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Manassas Park, VA, United States

Naqvi A.,Microbiome Analysis Center | Rangwala H.,Microbiome Analysis Center | Rangwala H.,George Mason University | Spear G.,Rush University Medical Center | And 2 more authors.
Chemistry and Biodiversity | Year: 2010

We have been using the Roche GS-FLX sequencing platform to produce tens of thousands of sequencing reads from samples of both bacterial communities (microbiome) and fungal communities (mycobiome) of stool, gut mucosa, vaginal washes, and oral washes from a large number of subjects. This vast volume of data from diverse sources has necessitated the development of an analysis pipeline in order to systematically and rapidly identify the taxa within the samples and to correlate the sample data with clinical and environmental features. Specifically, we have developed automated analytical tools for data tracking, taxonomical analysis, and feature clustering of bacteria in the human microbiome and demonstrate the pipeline using Cervical Vaginal Lavage (CVL) samples. This analysis pipeline will not only provide insight to our specific CVL dataset, but is applicable to other microbiome samples and will ultimately broaden our understanding of how the microbiome influences human health. © 2010 Verlag Helvetica Chimica Acta AG. Source


Gillevet P.,George Mason University | Gillevet P.,Microbiome Analysis Center | Sikaroodi M.,George Mason University | Sikaroodi M.,Microbiome Analysis Center | And 2 more authors.
Chemistry and Biodiversity | Year: 2010

Recent advances in molecular techniques have now made it possible to interrogate the human microbiome in depth to better understand the interactions with the host organism and its role in diseases. We now report the utility of Length Heterogeneity Polymerase Chain Reaction (LH-PCR) to survey samples and a proprietary Multitagged Pyrosequencing (MTPS) methodology to interrogate the gut microbiome in healthy and disease states. We present an overview of our studies demonstrating the application of these molecular-biology techniques to an example disease state such as Inflammatory Bowel Disease (IBD). The findings show that there is a core mucosal bacterial microbiome (i.e., a mucosal biofilm) that is distinct from the luminal microbiome in health, and that the mucosal microbiome appears to be dysbiotic in IBD. We propose that the mucosal microbiome forms a synergistic and stable interaction with the host immune system, while the lumen microbiome varies based on diet or other environmental factors. We define this composite ecosystem of the human microbiome and human host as the Human Metabiome. © 2010 Verlag Helvetica Chimica Acta AG. Source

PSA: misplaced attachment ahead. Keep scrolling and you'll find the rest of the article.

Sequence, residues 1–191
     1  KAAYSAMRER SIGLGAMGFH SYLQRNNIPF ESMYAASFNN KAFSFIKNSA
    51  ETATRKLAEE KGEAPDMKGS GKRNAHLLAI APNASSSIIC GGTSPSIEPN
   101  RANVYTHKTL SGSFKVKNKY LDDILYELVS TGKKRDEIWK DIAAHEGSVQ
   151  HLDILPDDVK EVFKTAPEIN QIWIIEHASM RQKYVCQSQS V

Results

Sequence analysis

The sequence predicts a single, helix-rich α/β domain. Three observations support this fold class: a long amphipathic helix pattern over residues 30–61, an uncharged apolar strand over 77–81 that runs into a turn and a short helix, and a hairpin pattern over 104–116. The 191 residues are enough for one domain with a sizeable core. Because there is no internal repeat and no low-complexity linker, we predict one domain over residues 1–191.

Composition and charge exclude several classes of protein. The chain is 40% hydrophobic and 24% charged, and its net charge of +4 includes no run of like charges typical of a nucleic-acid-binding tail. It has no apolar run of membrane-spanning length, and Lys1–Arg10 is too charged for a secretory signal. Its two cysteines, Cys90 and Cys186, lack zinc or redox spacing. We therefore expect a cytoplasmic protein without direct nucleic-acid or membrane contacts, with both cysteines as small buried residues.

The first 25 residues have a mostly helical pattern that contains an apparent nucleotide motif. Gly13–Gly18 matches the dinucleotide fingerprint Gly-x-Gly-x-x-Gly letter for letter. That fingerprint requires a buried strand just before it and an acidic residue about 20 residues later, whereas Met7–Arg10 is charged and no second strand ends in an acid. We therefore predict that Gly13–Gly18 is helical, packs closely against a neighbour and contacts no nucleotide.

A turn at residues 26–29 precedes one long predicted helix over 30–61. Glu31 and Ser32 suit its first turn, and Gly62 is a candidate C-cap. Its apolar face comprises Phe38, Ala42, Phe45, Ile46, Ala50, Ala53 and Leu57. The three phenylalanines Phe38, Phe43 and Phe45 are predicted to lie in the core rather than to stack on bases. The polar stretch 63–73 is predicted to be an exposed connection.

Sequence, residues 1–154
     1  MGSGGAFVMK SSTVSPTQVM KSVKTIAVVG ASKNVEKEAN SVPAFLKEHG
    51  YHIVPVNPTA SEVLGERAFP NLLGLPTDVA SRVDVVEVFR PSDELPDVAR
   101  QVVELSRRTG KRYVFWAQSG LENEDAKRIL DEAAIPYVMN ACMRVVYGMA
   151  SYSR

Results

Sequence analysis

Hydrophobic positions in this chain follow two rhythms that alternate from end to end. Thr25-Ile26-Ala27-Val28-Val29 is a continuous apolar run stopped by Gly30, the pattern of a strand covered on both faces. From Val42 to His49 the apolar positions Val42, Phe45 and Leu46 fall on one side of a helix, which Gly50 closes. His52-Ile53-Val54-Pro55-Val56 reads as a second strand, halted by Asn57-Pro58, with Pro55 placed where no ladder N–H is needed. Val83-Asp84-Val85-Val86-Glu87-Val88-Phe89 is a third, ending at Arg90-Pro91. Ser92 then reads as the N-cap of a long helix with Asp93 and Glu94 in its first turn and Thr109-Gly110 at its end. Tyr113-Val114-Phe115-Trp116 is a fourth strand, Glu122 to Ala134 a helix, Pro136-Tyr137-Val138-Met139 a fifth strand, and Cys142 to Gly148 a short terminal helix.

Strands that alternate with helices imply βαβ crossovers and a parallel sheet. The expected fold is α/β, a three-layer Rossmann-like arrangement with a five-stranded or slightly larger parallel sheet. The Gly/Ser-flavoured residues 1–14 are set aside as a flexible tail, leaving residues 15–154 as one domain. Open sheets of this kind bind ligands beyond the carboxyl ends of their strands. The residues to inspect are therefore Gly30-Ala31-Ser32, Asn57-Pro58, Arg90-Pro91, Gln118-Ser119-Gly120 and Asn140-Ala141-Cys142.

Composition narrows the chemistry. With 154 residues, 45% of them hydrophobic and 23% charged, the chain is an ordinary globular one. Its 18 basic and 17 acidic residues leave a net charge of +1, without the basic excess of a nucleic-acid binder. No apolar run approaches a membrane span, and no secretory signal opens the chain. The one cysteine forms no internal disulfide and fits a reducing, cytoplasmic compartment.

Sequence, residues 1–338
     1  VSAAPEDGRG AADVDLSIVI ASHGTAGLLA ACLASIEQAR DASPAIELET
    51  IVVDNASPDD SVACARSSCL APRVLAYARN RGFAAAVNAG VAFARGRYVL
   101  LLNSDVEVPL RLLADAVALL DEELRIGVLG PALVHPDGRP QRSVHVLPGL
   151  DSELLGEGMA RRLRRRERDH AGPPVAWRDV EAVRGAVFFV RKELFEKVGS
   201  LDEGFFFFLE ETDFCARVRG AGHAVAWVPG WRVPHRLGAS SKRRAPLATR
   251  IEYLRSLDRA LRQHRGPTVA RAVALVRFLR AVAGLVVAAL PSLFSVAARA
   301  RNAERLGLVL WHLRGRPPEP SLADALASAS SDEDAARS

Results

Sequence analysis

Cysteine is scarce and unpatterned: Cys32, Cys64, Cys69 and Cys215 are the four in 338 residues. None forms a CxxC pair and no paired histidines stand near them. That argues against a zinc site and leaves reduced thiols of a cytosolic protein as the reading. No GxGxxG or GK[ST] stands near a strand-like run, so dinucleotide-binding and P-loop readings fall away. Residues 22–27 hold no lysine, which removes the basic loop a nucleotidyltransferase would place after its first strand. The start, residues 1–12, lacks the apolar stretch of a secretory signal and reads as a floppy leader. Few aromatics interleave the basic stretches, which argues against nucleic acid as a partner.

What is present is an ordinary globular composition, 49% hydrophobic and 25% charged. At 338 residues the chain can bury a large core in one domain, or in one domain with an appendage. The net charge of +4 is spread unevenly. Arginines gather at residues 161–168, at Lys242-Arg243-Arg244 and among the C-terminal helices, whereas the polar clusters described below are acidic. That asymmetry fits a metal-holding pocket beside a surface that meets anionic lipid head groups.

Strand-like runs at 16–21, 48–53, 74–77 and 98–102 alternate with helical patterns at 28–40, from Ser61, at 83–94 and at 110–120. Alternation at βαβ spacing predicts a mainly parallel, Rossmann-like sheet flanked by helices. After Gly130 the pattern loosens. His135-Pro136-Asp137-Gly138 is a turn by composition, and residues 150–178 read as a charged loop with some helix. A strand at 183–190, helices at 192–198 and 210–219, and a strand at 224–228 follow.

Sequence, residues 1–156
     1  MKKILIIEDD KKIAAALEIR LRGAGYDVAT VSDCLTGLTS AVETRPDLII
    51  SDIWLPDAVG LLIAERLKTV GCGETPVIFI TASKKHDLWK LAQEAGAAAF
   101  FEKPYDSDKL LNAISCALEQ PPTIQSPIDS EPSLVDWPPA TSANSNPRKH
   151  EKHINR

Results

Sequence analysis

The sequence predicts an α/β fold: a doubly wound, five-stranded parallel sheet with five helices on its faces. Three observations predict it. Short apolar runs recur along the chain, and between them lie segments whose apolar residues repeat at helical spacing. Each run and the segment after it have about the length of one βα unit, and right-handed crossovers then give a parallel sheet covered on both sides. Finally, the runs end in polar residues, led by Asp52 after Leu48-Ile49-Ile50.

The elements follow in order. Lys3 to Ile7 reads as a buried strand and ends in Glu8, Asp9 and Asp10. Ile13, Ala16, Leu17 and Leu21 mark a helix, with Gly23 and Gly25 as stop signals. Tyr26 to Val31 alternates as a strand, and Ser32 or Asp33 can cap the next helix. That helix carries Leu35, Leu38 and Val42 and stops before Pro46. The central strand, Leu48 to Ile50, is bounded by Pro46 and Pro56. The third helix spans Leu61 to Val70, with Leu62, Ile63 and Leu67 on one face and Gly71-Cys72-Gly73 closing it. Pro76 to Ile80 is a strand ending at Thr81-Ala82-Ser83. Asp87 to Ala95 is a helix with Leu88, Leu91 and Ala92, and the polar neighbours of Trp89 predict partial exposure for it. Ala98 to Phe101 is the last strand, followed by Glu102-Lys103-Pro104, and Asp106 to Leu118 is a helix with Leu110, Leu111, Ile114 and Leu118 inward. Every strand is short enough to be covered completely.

Naqvi A.,Microbiome Analysis Center | Rangwala H.,Microbiome Analysis Center | Rangwala H.,George Mason University | Keshavarzian A.,Rush University Medical Center | And 2 more authors.
Chemistry and Biodiversity | Year: 2010

In this article, we used a network-based approach to characterize the microflora abundance in colonic mucosal samples and correlate potential interactions between the identified species with respect to the healthy and diseased states. We analyzed the modelled network by computing several local and global network statistics, identified recurring patterns or motifs, fit the network models to a family of well-studied graph models. This study has demonstrated, for the first time, an approach that differentiated the gut microbiota in alcoholic subjects and healthy subjects using topological network analysis of the gut microbiome. © 2010 Verlag Helvetica Chimica Acta AG. Source

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